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Pearson v. Morrell

United States District Court, E.D. Missouri, Eastern Division

July 22, 2019

JEREMY BRADLEY PEARSON, Plaintiff,
v.
JOSEPH MORRELL, Defendant.

          MEMORANDUM

          STEPHEN N. LIMBAUGH, JR. UNITED STATES DISTRICT JUDGE.

         This matter is before the Court on several pending motions. Plaintiff Jeremy Pearson, pro se, claims that his constitutional rights were violated during an arrest by St. Louis police officers in 2016. He claims that, upon being apprehended for an attempted robbery, the officers tried to coerce him into explaining the whereabouts of stolen items by lifting up on his handcuffed hands until plaintiff's shoulder “popped.” Plaintiff alleges he was taken to Barnes Jewish Hospital where it was determined that his shoulder was broken and torn in two places.

         The parties are currently engaged in discovery.

         I. Plaintiff's “memoranda” to the Court and other correspondence

         In addition to the five motions to compel filed by plaintiff since May 2019, plaintiff has filed at least six documents that are styled as letters, memoranda, a response to Court memorandum, or have no title at all. (E.g., #52, #57, #59, #61, #65.) Federal Rule of Civil Procedure 7(b) requires that a “request for a court order must be made by motion.” Plaintiff's letters and “memoranda” are not motions, and the Court cannot grant relief on these documents. The Court also notes that, in at least one memorandum to the Court, plaintiff asks this Court to “investigate” his case. (#59.) The Court cannot investigate plaintiff's case.

         With respect to plaintiff's questions about taking depositions, plaintiff must comply with the Federal Rules of Civil Procedure, and he is also responsible for arranging for and paying for the court reporter to read the deposition questions and record the answers. Rule 31 provides more procedural steps. To the extent plaintiff plans to arrange for a deposition by written question, he must notify the defendant as required in Rule 31.

         Finally, the Court notes that plaintiff sent a letter to the Clerk of the Court with questions about discovery procedures (#67). Although plaintiff may correspond with the Clerk seeking, e.g., information regarding the docket sheet or blank subpoena forms, the Clerk is unable to assist plaintiff with discovery questions. Plaintiff's questions about how to obtain documents produced to the defendant are best directed to defense counsel. Plaintiff may write to defense counsel; thus, any ability to make phone calls to counsel is unnecessary.

         II. Plaintiff's motion for extension (#58)

         Plaintiff filed a “motion for extension of time - discovery” (#58). The motion explains that plaintiff now has institutional support for his litigation and has access to paper, pens, stamps, envelopes, and phone calls. He says: “I ask the court to entertain if, need be, a Motion for Extension of Discovery, if I request it in the future.” The Court will entertain motions as they are filed. Because this motion does not actually seek relief in the form of an extension of time, the Court will deny it. Should plaintiff need to seek such relief in the future, the Court will entertain the motion for good cause. However, as explained below, the remaining deadlines will be extended on the Court's own motion.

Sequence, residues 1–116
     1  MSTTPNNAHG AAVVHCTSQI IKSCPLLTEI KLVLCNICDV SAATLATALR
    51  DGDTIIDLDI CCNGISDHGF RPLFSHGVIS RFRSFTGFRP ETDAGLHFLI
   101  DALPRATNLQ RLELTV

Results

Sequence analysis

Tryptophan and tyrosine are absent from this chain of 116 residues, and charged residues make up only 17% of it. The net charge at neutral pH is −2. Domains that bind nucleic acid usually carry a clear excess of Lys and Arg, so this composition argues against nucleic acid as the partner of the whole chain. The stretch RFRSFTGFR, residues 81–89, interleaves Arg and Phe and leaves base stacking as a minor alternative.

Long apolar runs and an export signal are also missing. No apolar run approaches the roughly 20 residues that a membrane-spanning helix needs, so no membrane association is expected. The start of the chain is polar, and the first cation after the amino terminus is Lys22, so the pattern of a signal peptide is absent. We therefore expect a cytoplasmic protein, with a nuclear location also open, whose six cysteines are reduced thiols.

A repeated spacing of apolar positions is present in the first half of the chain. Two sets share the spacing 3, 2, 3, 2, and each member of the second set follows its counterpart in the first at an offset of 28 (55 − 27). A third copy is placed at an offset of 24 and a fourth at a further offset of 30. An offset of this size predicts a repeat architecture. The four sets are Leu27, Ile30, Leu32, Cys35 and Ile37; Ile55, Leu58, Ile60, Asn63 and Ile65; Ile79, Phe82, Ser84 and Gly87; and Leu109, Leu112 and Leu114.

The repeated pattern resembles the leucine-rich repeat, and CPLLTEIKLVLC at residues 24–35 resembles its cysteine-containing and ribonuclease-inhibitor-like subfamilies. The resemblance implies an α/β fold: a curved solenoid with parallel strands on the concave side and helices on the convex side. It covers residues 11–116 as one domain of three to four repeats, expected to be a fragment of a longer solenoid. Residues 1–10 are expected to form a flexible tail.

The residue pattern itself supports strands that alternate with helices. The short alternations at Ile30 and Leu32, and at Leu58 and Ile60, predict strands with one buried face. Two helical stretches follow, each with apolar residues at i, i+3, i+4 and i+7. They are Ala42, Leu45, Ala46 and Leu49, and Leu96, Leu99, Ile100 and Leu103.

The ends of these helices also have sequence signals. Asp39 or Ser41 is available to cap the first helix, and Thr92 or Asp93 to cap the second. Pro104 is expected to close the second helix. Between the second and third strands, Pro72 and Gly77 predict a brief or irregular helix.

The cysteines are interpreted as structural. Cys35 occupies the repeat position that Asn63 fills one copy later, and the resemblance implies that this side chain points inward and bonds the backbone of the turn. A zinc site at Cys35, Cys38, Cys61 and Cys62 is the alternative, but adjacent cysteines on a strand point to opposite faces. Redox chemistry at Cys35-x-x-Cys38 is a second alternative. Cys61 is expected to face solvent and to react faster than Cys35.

III. Defendant's motion to compel (#51)

         Defendant filed a motion to compel plaintiff to serve his initial disclosures as required by this Court's Case Management order. Defendant states that the disclosures were due by February 19 or 21, 2019, but, as of May 10, defendant had not received them.

         Plaintiff responds that he served his initial disclosures. He states that he has not received information from some of his subpoenas. He says he does have a “declaration” from his public defender, who apparently defended plaintiff in the criminal matter that underlies this case, but he wants to know if he must disclose it to the defendant. He also asks if he must generally produce documents that come into his possession after he submitted his initial disclosures. Federal Rule of Civil Procedure 26 governs initial disclosures, and it requires that a party

must supplement or correct its disclosure or response…in a timely manner if the party learns that in some material respect the disclosure or response is incomplete or incorrect, and if the additional or corrective information has not otherwise been made known to the other parties during the discovery process or in writing.

Fed. R. Civ. P. 26(e)(1)(A). Plaintiff wants to withhold the “declaration” he received from his public defender until the “defendant and other parties adhere to [his ...


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